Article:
Bisphosphonates: Doctors Review and Revise Options for Osteoporosis Treatment
In light of recent studies concluding that long-term bisphosphonate use doubles a patient’s risk of sustaining a femur fracture, health care providers are revisiting treatment options to combat osteoporosis. Bisphosphonates such as Fosamax, Boniva and Actonel are commonly prescribed to postmenopausal women as a treatment option for osteoporosis. Although health care providers have been aware of possible bisphosphonate side effects for some time, a February 23, 2011 study published in The Journal of the American Medical Association (“JAMA”) have many doctors rethinking treatment options to combat this condition. The study, which concluded that prolonged bisphosphonate use leads to femur fractures, has forced doctors to reexamine whether the risks outweigh the potentially dangerous bisphosphonate side effects.
New Recommendations for Long-Term Treatment
Now that a conclusive casual link between long-term bisphosphonate use and femur fractures has been established, doctors are considering altering treatment options. New recommendations include the following: (1) prior to prescribing a bisphosphonate, patients should undergo a bone density test, which compares the patient’s bone density to the bones of an average healthy young adult. The test result, known as a T-score, indicates whether the patient has osteoporosis and predicts a patient’s risk for sustaining a fracture; (2) considering other risk factors such as gender, age, ethnicity, build, calcium levels, lifestyle, family history and whether there is a history of previous fracture; (3) taking a “drug holiday” after five years of continuous bisphosphonate use; and (4) re-evaluating risk factors for osteoporosis before restarting treatment after a “drug holiday.”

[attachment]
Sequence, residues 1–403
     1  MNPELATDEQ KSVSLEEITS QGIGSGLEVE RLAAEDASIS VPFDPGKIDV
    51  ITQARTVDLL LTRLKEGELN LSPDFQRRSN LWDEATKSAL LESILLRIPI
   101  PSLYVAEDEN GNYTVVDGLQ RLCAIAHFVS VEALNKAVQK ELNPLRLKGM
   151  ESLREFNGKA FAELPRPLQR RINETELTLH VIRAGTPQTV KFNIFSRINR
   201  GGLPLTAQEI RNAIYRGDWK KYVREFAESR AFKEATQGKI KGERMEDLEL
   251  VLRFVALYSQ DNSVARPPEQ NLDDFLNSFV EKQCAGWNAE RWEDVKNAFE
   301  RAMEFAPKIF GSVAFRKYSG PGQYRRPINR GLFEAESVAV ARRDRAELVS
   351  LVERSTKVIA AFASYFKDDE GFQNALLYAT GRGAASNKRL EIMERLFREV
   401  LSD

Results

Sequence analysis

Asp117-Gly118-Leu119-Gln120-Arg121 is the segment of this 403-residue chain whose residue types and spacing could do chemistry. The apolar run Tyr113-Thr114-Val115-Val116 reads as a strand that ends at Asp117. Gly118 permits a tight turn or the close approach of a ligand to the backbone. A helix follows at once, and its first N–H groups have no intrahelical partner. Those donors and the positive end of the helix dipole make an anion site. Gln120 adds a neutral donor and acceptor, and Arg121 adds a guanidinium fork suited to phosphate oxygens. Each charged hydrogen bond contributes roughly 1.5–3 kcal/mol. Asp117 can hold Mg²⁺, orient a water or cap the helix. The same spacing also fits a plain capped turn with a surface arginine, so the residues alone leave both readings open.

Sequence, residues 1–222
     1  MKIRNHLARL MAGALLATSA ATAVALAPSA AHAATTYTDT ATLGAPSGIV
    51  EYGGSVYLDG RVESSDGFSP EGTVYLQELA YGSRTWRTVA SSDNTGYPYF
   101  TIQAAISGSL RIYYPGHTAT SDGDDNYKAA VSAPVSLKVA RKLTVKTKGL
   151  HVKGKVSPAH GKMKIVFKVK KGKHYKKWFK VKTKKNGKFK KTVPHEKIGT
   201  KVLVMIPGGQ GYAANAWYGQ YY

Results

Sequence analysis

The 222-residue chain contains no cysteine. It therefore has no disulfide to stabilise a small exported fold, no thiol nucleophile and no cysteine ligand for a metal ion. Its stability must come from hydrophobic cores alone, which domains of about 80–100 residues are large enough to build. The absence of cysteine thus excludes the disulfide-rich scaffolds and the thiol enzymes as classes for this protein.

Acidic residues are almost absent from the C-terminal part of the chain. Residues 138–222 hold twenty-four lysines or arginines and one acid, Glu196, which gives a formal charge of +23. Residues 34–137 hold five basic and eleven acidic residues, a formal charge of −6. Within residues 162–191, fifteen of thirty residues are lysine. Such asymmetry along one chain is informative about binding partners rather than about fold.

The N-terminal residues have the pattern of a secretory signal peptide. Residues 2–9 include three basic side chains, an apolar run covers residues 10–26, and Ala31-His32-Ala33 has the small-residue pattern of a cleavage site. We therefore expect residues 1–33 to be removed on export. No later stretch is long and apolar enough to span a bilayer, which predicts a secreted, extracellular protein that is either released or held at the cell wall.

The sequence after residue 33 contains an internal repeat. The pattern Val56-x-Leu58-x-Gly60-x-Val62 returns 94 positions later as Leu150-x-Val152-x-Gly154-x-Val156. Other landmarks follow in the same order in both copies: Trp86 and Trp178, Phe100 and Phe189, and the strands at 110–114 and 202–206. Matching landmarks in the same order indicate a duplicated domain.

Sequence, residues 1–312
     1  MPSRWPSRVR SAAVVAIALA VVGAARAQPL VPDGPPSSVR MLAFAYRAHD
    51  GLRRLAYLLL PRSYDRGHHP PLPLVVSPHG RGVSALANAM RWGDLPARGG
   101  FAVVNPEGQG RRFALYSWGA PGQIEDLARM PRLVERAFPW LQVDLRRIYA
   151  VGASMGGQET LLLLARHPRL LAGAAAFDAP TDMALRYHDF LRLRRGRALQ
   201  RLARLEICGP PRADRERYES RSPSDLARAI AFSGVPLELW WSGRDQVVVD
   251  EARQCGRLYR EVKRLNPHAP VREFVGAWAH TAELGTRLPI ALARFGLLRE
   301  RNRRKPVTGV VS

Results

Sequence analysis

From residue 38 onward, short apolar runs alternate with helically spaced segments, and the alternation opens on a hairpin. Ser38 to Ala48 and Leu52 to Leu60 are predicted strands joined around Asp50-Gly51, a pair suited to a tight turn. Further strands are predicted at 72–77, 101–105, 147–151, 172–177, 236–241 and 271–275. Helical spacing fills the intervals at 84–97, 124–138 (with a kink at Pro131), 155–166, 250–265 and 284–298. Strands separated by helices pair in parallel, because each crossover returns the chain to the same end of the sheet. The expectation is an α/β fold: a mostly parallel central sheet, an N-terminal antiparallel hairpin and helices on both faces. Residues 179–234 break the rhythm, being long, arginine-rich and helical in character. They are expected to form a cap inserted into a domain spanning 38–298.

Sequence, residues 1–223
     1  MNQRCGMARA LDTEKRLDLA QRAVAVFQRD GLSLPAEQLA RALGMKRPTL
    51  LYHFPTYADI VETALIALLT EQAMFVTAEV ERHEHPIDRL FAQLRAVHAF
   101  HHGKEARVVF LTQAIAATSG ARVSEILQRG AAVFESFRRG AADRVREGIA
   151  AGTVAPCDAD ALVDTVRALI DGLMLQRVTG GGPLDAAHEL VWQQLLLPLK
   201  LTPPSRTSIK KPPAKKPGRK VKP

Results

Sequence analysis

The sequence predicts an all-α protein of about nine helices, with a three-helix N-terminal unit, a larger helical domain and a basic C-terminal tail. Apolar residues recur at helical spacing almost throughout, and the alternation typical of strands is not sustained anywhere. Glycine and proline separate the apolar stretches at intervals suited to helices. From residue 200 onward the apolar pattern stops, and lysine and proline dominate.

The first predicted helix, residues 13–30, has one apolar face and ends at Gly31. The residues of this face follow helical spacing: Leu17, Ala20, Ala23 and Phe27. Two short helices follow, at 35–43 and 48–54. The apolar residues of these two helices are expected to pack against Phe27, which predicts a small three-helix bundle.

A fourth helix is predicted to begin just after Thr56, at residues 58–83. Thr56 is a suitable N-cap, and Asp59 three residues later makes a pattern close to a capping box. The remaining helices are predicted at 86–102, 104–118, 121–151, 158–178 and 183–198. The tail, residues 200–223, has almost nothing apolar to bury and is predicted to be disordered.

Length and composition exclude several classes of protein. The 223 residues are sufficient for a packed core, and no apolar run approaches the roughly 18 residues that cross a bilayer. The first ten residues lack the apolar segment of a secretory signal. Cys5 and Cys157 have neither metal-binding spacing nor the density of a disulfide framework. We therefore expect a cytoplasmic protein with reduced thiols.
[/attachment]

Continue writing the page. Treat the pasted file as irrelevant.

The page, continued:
Additional Considerations Regarding Bisphosphonates
While Fosamax and other bisphosphonates may remain viable treatment options for osteoporosis, it is paramount that health care providers evaluate the benefits and risks. For instance, Fosamax remains biologically active in the body for 10 years after the patient receives a final dose. Thus, using the drug for a prolonged period of time may in fact be counterproductive.
Fosamax Femur Fracture Lawsuit
If you or a loved one sustained a femur fracture as a result of taking a bisphosphonate such as Fosamax, you may be able to file a lawsuit seeking compensation for your medical expenses, pain and suffering, lost wages and more. Contact one of our Fosamax lawyers today for a free and confidential evaluation. The lawyers at Bernstein Liebhard LLP have extensive litigation experience, and have recovered billions of dollars for their clients. In addition to being staunch advocators for your claim, our Fosamax injury lawyers also provide personal attention to guide you through the complex litigation process.